#5 DrPete

DrPete

    Mach 1 Member

  • Members
  • 327 posts

Posted 02 February 2009 - 06:53 PM

Is it possible to redirect folks to a generic page for that event, so that they can see current dates (assuming they're available)? That's what I do for one client. Otherwise, I redirect them to a search page that includes suggested content. I find it a bit friendlier than a generic redirect (or, worse yet, a 404).

When I redirect to the search page, I actually give it a 404 header for the search engines, so that Google et al. will gradually de-list the outdated events. It's transparent to the visitor.

#6 EGOL

EGOL

    Professor

  • Hall Of Fame
  • 5186 posts

Posted 02 February 2009 - 07:24 PM

Is it possible to redirect folks to a generic page for that event, so that they can see current dates (assuming they're available)?

This is where the redirect will go... and your search page idea is also a good one.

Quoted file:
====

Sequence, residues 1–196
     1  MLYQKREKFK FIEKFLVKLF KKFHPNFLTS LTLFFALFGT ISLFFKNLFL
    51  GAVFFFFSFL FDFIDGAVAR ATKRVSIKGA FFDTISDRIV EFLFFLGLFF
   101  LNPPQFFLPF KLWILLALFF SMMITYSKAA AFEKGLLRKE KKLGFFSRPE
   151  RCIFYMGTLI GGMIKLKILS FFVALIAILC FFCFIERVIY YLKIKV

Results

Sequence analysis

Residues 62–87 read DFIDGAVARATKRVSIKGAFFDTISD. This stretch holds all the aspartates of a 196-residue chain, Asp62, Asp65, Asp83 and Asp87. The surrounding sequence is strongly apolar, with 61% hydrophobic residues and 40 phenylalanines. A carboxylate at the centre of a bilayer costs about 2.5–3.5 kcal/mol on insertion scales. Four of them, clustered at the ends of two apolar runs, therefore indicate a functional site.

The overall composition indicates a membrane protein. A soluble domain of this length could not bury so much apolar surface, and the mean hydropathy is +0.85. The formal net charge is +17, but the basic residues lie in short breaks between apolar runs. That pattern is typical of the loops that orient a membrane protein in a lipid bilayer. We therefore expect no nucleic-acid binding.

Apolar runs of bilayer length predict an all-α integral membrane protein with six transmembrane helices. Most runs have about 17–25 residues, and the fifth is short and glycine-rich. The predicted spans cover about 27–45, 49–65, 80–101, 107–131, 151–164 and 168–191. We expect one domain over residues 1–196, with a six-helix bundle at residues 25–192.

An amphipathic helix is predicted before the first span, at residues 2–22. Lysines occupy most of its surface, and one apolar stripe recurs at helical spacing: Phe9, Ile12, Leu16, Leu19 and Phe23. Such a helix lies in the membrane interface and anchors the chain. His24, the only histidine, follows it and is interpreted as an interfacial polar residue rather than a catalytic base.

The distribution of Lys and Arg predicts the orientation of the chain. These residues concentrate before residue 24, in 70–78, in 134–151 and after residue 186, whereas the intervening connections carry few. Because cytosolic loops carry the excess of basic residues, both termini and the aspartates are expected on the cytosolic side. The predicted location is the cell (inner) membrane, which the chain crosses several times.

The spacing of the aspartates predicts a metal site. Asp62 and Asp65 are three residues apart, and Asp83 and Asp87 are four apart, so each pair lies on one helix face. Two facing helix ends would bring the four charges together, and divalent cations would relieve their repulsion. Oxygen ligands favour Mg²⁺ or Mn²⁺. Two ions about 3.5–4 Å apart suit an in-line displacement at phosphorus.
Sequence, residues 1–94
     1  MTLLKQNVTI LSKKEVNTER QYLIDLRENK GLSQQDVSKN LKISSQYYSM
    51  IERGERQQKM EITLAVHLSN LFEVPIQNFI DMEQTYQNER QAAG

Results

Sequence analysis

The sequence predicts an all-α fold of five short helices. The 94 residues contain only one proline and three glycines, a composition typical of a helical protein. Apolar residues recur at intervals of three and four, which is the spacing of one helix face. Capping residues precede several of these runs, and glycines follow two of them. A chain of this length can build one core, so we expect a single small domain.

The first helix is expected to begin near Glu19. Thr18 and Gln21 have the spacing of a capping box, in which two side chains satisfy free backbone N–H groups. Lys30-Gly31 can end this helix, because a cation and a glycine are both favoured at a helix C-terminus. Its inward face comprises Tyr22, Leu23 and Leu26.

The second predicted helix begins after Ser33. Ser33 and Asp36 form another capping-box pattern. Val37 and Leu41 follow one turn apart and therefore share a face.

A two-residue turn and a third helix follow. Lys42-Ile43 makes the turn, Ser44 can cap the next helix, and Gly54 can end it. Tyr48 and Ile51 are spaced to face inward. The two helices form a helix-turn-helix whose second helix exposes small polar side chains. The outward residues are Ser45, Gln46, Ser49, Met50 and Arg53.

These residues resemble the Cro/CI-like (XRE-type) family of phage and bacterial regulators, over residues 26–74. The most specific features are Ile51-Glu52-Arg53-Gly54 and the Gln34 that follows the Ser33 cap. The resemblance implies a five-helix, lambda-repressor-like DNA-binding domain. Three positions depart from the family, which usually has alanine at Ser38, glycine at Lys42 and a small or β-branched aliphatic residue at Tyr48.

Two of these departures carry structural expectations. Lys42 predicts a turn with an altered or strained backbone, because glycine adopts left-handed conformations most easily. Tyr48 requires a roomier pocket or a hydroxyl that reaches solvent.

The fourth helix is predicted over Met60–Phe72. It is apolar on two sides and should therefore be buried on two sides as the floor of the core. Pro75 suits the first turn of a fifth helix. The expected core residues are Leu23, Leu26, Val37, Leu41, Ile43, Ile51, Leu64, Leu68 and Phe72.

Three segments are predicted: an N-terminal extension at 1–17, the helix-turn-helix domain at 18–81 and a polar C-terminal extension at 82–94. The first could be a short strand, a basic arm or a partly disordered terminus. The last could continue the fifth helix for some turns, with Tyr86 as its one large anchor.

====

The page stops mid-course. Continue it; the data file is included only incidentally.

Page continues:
I wonder how many people use search pages as a standard error page?

#7 TheManBehindTheCurtain

TheManBehindTheCurtain

    Time Traveler Member

  • 1000 Post Club
  • 1035 posts

Posted 02 February 2009 - 08:06 PM

I wonder how many people use search pages as a standard error page?


Not many in my experience (not that I go around looking at 404 pages). I've often wondered, though, about never using a 404. Why not have the 404 page parse the incoming URL, then redirect to your site search with a parameter that indicates the source was the 404. When the search application detects that parameter, it inserts a custom message at the top of the search results explaining that we can't find the content you're looking for, but based on your URL here are some pages you might find interesting.